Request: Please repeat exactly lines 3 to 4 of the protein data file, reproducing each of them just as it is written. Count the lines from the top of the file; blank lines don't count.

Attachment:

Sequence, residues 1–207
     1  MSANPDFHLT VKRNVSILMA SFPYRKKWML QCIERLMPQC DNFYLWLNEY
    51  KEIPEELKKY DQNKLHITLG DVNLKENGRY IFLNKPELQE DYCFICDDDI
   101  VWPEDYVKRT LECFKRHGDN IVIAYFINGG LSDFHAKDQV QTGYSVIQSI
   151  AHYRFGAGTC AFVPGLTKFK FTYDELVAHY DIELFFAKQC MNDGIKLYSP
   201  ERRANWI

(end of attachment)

    51  KEIPEELKKY DQNKLHITLG DVNLKENGRY IFLNKPELQE DYCFICDDDI
   101  VWPEDYVKRT LECFKRHGDN IVIAYFINGG LSDFHAKDQV QTGYSVIQSI